These photos represent walks that are a maximum of 15-30 minutes away from the student ghetto, so they are extremely doable. The sights I’ve posted below are only the tip of the iceberg. From Fort Henry, to the Kingston Penitentiary, the Kingston Yacht Club, the Haunted Walk of Kingston, the Kingston Pump House, Confederation park, the Isabel Bader Center, and the Bergeron Estate Winery, there are plenty of other landmarks and places to explore that I have not included that are only a drive away. Truly, the possibilities are endless!

Chalmers United Church – Architect John Wells, built in 1853. Gothic Revival design.


St. George’s Cathedral – Architect William Coverdale, finished in 1842, and declared a cathedral in 1862.


The South side of St. George’s Cathedral.


Frontenac County Court House – Architect Edward Horsey, the dome was redone in 1874 after a fire, redesignated a National Historic Site by the city of Kingston under the Ontario Heritage Act in 1980.


The Katherine Bermingham Macklem House was built by Thomas Rogers in 1830. Sarah and Cornelius Bermingham purchased the house in 1905, and it was later expanded by architect Frank Lent. Their daughter, Katherine, donated the house to Queen’s University after both her sons graduated in 1952. Her son Peter Macklem went on to contribute to the understanding of early pulmonary damage as a result of smoking and became a prolific scientist in the field of respiratory medicine. Today, it is occupied by Queen’s University Faculty of Health Sciences. It is known for its Classical Revival portico and single-story verandah (Mainhood, 2018).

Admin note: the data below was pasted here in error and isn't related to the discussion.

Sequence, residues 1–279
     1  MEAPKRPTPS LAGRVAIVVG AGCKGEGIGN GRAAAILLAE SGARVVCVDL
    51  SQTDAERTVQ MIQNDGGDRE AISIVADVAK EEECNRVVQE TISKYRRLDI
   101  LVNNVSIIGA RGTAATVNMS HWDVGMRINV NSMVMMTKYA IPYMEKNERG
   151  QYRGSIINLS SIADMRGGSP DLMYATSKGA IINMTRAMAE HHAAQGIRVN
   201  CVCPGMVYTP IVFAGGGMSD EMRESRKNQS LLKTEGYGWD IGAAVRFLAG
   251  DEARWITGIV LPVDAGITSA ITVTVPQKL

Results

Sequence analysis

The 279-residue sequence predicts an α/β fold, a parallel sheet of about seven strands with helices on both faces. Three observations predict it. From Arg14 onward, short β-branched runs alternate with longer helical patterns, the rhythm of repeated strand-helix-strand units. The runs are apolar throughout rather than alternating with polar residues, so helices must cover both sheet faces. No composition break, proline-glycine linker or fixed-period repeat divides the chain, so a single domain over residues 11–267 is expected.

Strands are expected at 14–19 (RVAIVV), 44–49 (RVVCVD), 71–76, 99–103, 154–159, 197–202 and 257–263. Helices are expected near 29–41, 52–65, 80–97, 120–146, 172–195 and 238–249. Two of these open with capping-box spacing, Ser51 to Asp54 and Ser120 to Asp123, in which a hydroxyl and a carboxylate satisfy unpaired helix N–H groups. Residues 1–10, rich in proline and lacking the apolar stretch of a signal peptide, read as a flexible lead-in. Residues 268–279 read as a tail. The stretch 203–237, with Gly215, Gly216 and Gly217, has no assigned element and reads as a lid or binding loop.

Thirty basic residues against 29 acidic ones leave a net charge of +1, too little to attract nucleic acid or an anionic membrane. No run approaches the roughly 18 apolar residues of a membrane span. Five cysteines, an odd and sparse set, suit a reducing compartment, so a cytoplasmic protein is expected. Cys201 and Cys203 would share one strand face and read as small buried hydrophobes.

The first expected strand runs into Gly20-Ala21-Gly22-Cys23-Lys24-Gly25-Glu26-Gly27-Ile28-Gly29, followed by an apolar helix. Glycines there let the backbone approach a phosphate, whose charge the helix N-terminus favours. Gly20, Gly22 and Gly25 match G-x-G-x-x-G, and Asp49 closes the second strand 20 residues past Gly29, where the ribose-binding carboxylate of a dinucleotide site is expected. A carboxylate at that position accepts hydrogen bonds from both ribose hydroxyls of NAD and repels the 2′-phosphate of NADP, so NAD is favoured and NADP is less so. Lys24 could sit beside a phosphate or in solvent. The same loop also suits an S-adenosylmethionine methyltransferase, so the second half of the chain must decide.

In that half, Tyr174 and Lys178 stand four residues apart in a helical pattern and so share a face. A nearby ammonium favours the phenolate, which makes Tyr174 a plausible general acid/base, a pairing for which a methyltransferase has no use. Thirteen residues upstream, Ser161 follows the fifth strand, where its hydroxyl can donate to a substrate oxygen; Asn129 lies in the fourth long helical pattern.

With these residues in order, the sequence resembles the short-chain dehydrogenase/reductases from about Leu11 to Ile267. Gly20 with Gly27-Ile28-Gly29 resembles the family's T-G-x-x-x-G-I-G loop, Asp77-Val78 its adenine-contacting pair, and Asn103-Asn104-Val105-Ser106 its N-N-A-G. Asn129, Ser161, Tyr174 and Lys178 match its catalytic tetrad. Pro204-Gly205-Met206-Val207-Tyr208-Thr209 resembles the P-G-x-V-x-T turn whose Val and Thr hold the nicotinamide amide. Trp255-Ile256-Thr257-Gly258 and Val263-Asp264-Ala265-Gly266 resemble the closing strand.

A lovely yellow brick home on King Street.


The Common Market (unfortunately, no longer in business after the devastating effects of COVID).


One of the many antique homes that Queen’s students have the opportunity to live in. – Bagot Street.


A beautiful house in Kingston with a turret.


Hotel Belvedere – In the 1940’s, Vogue called the Chateau Belvedere, “the only reasonable place to stay between Montreal and Toronto”.  Built in 1880 by Joseph Power, it was the preferred hotel for dukes and duchesses, politicians and royalty from around the world. Remodelled in 1987, and it became Hotel Belvedere.


The Goreview – Architect: John Power. A three-storey, three bay brick house with a central French window on the second storey.


A magnificent, yet ominous Gothic home located on King Street East.


McIntosh Castle – Architect John Power. Finished in 1878, Gothic Revival village.


The Rosemount Inn – Architect William Coverdale, built in 1849.


Wellington Street School – Architect John Power, built in 1874.


The Hochelaga Inn – built in 1879 for John McIntyre – French Victorian style mansion.


Elizabeth Cottage – designed by architect Edward Horsey in 1843 for his family and enlarged by William Newlands in the 1880s. Gothic Revival Style.